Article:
To someone looking for a life makeover, health and wellness professionals can seem like the perfect solution. Need to get motivated? Hire a personal coach! Your back is messed up? Go see a chiropractor! Want to sign up for a personal-training session? Your gym has the right pro for you!
You might think it's common sense to leave the expertise up to, well, the experts, but much of the health and wellness field isn't regulated. That means someone with access to Microsoft Word and a printer can create business cards touting a profession that is, more or less, bullshit. If you're not careful, you could put your faith into someone's hands who might end up making your health problem worse. Here are some of the biggest offenders.
Unlicensed massage therapists
Finishing a manicure or pedicure with a neck or back massage sounds like the cherry on top of a very relaxing, pampering sundae. After all, your nail technician is the one who just primped and pampered your hands, and gave you that soothing massage on your feet, complete with that pounding-on-the-calves thing.
But most cosmetologists in nail salons are only licensed to do nails, not give massages. The extra shoulder and neck rubdown at the end could end up doing more harm than good, considering the people doing the massaging more or less have no idea what they are doing.
If your favorite nail place offers massages, make sure the people doing the rubbing are licensed to do so; they should have posted certifications from the state, as well as an accredited program, such as the National Certification Board for Therapeutic Massage and Bodywork (NCBTMB). This goes for any other salon or spa that offers massages. And don't forget those massage parlors that are not-so-subtly fronts for a business that would do better in a red light district.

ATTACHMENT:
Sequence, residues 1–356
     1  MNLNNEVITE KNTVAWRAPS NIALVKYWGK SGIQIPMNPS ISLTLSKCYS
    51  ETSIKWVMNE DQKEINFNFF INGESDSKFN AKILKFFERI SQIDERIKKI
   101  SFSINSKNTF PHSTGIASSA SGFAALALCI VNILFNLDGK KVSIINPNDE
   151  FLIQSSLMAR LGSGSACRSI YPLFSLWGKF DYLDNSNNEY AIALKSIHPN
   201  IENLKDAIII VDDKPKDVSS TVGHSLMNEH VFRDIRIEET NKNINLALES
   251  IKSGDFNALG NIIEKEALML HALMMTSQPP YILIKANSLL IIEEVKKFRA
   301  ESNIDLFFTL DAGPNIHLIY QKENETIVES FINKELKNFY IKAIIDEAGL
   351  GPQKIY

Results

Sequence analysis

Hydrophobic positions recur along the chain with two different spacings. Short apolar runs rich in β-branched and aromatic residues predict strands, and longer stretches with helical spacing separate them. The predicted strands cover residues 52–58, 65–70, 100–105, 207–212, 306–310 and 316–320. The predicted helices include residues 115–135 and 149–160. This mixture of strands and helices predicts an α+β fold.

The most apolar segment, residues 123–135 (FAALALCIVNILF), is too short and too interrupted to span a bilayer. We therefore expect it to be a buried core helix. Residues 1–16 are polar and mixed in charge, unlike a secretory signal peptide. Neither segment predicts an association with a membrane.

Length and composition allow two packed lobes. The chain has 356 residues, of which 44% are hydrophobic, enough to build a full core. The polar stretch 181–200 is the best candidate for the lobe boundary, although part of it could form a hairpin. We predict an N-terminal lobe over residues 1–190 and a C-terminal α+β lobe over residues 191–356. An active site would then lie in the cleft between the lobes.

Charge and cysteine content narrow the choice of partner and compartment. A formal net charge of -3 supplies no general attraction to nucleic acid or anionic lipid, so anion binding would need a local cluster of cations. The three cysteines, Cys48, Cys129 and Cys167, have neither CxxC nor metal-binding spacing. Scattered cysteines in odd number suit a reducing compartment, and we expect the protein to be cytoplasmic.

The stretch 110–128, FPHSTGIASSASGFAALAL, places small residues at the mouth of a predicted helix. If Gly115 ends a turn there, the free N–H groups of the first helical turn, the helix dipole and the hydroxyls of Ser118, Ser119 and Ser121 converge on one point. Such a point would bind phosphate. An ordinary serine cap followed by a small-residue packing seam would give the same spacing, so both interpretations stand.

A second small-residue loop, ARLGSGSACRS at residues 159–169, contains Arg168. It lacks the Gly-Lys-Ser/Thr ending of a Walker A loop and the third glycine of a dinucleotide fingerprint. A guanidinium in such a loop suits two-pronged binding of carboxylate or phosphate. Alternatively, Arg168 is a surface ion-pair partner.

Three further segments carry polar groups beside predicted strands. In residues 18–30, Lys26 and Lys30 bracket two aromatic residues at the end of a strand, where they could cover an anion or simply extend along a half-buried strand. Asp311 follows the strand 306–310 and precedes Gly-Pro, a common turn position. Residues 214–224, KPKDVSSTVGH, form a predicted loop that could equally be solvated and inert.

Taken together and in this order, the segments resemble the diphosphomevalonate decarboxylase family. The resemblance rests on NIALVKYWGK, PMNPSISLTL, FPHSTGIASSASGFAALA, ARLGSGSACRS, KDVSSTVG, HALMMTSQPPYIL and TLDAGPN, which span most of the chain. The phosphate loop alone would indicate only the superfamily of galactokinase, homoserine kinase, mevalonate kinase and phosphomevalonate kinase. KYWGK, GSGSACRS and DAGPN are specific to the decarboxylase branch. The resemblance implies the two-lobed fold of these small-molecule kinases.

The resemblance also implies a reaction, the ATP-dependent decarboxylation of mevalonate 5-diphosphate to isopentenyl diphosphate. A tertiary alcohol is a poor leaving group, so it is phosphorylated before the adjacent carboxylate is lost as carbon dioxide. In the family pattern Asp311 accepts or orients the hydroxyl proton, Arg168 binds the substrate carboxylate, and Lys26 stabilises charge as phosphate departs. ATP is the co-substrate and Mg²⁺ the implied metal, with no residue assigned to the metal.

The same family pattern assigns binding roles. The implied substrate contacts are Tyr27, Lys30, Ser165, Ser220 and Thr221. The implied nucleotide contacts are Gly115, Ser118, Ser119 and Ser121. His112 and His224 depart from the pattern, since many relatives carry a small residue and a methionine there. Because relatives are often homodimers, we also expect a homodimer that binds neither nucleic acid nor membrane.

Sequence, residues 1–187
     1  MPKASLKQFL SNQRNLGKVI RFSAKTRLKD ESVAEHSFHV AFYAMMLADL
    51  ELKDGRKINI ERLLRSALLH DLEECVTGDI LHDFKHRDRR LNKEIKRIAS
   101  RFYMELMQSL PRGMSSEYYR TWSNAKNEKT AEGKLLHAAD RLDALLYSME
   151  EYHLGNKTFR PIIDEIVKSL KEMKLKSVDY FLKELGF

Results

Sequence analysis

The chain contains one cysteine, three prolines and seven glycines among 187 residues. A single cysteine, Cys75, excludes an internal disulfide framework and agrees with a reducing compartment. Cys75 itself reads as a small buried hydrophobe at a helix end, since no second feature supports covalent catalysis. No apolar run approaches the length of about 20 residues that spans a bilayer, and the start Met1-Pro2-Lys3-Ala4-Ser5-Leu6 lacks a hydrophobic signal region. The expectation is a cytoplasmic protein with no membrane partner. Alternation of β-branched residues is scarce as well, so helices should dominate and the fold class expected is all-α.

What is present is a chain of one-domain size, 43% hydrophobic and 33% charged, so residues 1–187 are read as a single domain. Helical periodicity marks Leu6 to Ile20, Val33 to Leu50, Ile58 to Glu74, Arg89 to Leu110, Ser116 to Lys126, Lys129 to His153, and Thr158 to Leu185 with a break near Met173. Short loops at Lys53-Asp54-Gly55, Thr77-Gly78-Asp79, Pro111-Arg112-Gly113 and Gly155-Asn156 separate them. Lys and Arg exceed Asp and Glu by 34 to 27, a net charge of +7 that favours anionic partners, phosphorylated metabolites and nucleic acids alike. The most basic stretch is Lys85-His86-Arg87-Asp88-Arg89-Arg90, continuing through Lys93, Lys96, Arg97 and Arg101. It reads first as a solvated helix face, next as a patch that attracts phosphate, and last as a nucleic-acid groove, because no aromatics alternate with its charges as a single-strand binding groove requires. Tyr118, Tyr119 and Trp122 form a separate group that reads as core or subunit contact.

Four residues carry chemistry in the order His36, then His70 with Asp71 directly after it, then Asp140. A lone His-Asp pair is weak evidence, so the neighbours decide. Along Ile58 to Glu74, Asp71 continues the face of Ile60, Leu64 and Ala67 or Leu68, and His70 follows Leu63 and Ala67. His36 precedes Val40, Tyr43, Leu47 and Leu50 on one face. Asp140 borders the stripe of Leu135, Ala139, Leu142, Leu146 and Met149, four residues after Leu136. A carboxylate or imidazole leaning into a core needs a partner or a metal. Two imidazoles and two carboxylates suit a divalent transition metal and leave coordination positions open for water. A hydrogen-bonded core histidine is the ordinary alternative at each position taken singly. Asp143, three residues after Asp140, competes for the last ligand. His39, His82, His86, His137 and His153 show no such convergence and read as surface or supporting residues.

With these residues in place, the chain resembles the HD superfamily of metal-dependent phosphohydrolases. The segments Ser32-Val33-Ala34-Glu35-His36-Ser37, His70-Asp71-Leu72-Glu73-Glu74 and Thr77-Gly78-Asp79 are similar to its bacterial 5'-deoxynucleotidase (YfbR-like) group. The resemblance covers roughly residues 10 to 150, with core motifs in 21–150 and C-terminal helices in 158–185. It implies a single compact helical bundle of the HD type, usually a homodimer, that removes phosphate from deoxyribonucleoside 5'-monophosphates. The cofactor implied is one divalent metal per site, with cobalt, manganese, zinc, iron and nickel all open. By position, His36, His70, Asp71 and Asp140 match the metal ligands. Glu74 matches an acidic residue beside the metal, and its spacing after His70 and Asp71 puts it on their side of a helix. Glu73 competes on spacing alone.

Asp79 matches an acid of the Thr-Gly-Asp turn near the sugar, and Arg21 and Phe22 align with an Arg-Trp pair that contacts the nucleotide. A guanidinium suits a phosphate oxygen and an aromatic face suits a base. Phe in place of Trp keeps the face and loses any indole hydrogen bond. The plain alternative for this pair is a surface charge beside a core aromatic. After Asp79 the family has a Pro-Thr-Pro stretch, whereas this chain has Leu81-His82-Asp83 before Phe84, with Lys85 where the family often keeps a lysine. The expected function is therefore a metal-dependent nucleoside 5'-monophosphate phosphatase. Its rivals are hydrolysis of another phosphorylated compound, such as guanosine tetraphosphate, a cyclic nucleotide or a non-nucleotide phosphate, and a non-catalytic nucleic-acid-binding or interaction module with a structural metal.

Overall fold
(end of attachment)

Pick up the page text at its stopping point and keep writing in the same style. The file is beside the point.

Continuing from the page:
Chiropractors are technically supposed to help with back and neck pain, but their profession has been controversial since its early days toward the end of the 19th century. Not usually trusted by the medical community, chiropractors often perform procedures called spinal adjustments, or chiropractic adjustments, which have little rigorous scientific support. In fact, they were created by the founder of the whole field of chiropractic, a magnetic healer named Daniel David Palmer, at the end of the 1800s.
Chiropractors believe spinal problems called subluxations are the underlying cause of most medical issues, and claim that realignments can help with everything from back pain and headaches, to asthma and blood pressure. Unfortunately, there's some evidence of an association between chiropractic adjustment and strokes -- chiropractic strokes are enough of an issue that there's an entire awareness group aimed at spreading the message.
A 2003 study found spinal manipulative therapy of the neck can be a risk factor for strokes; patients who had strokes from a tear in the vertebral artery were six times as likely to have had a spinal adjustment in the 30 days prior to the stroke than patients whose strokes were caused by another reason.
That's not to say a chiropractor can't be helpful in some instances. Just, you know, be aware of what you're getting yourself into. And do your research. Like, very carefully.
Coaching is one of those unregulated words, like "healthy" and "natural," that people can slap onto anything, and the government can't say a word. While there are technically life-coach certifications, they tend to be broad and less than rigorous -- some last a couple hours on a weekend, others are a simple questionnaire online -- similar to getting a certification to be an ordained minister from the internet.
Although life coaches can be accredited, like through the International Coaching Federation (ICF), it's still an unregulated industry. As a result, the quality of coaches varies significantly; not everyone can be Tony Robbins. If you find someone you like and who gets you results, great! But there's no real guarantee that your personal or life coach will help you achieve your goals, and the cost of someone's services could add unwanted financial stress.
Yes, energy healing is a thing, and more people pay for it than you may realize. Energy healing is a broad term for an alternative medicine sect that focuses on tapping into the body's own energy. It's as generic as it sounds.